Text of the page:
(2) Improvement of learning facilities
(3) Teachers and school heads’ upskilling and reskilling through a transformed professional development program and
(4) Engagement of all stakeholders for support and collaboration.

With this response, it is clear that DepEd will also fail in reading comprehension, math and science exams. The poor performance is across the board. The entire basic educational system is broken.

I have been asked several times on Facebook on what the solution is. In response, I will just cut and paste from this blog:

### How Do Math Teachers in the Philippines Fare?

Students in the Philippines have not been participating in international standardized exams for over a decade now. In 2003, fourth grade students in the Philippines ranked 23rd out of 25 countries and in 2008, during which only students from science high schools participated, the Philippines ranked last among ten countries participating. Teachers in primary and secondary schools in the Philippines also partook in the Teacher Education and Development Study in Mathematics (TEDS-M). The results of this study have been recently analyzed and in terms of quality assurance, teacher education in the Philippines does not fare well. In terms of both content and pedagogical knowledge, math teachers in the Philippines are near the bottom.

The following graphs summarize the findings.

 Above graph based on Quality Assurance in Teacher Education and Outcomes: A Study of 17 Countries Lawrence Ingvarson, Glenn Rowley Educational Researcher Vol 46, Issue 4, pp. 177 - 193 First published date: May-22-2017

Quality assurance in teacher education includes:

• Recruitment and Selection
• Accreditation of Programs
• Entry to Profession
The above measure is found to correlate strongly with scores obtained by the teachers on tests that measure their knowledge in mathematics. With regard to content, teachers in the Philippines obtain a low score compared to teachers in other countries.

 Above graph based on Quality Assurance in Teacher Education and Outcomes: A Study of 17 Countries Lawrence Ingvarson, Glenn Rowley Educational Researcher Vol 46, Issue 4, pp. 177 - 193 First published date: May-22-2017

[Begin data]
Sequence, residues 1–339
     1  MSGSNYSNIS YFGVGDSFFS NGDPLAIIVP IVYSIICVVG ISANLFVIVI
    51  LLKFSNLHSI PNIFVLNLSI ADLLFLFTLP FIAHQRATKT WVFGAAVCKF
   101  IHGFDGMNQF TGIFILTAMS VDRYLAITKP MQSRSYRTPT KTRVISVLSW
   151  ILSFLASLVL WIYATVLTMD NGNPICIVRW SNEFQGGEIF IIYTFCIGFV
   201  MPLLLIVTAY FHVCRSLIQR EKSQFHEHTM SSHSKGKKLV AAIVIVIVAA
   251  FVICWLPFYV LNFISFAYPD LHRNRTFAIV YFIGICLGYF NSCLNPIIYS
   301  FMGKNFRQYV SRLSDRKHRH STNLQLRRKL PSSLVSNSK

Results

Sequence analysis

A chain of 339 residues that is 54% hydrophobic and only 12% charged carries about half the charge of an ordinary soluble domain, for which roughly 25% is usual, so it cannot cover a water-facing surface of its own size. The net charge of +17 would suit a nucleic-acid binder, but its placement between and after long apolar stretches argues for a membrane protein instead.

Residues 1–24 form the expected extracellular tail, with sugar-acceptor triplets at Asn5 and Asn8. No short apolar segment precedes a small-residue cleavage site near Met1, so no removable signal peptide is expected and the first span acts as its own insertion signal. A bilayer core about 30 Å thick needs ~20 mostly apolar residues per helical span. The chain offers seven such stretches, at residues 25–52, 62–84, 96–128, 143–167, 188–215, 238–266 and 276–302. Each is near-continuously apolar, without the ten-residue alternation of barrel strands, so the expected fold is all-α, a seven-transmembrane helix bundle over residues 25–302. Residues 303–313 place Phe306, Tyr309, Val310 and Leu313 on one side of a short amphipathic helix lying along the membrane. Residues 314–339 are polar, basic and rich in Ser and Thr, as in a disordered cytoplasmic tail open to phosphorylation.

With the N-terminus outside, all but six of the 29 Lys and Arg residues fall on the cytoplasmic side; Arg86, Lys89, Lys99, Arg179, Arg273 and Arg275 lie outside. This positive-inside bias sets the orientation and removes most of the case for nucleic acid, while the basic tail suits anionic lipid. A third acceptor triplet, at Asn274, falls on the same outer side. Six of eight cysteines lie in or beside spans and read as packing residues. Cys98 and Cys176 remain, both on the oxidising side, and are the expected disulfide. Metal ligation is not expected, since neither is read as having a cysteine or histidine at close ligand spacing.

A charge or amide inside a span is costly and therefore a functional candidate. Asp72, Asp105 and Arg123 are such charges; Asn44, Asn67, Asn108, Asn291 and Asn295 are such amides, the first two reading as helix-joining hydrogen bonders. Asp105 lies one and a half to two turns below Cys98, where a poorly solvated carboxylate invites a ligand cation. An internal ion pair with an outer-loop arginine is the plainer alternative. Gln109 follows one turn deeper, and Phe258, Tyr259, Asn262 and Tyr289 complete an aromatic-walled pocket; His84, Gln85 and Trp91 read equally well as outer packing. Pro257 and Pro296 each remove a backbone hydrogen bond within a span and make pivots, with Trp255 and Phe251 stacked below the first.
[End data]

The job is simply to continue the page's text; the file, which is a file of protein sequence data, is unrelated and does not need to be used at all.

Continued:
Not only do teachers in the Philippines perform poorly in math knowledge exams, they also score low in tests that measure how well they can teach math.

 Above graph based on Quality Assurance in Teacher Education and Outcomes: A Study of 17 Countries Lawrence Ingvarson, Glenn Rowley Educational Researcher Vol 46, Issue 4, pp. 177 - 193 First published date: May-22-2017
With the above in mind, it is only timely to look back at an old article written by Flor Lacanilao on this blog:

### Suggestion to Solve Philippines' Basic Education Problems

by Flor Lacanilao

## Friday, June 1, 2012

Studies on education abroad have shown that the best way to improve basic education is to improve first higher education. And the best way to improve both is to put only the right people in charge. Right people refers to those who have made major contribution to one’s field, as shown by properly published research works (that is, following internationally accepted criteria). At present, none of those in charge in higher and basic education has such minimum requirement.

For basic education, the above prerequisite will insure that (a) program components are based on tested studies abroad, (b) curricular changes are based on properly published studies of local problems, and (c) thay have undergone trial runs or verification at selected schools before nationwide implementation.

For more discussion, see “K+12 most likely to fail” (Inquirer, 17 Feb 2012) and “A critique of some commentaries on the Philippine K-12 program”.

[Dr. Flor Lacanilao obtained his Ph.D. (specialization in comparative endocrinology) from the University of California at Berkeley. He served as chairman of the Zoology Department at UP Diliman, chancellor of UP Visayas, and chief of SEAFDEC in Iloilo. Email florlaca@gmail.com]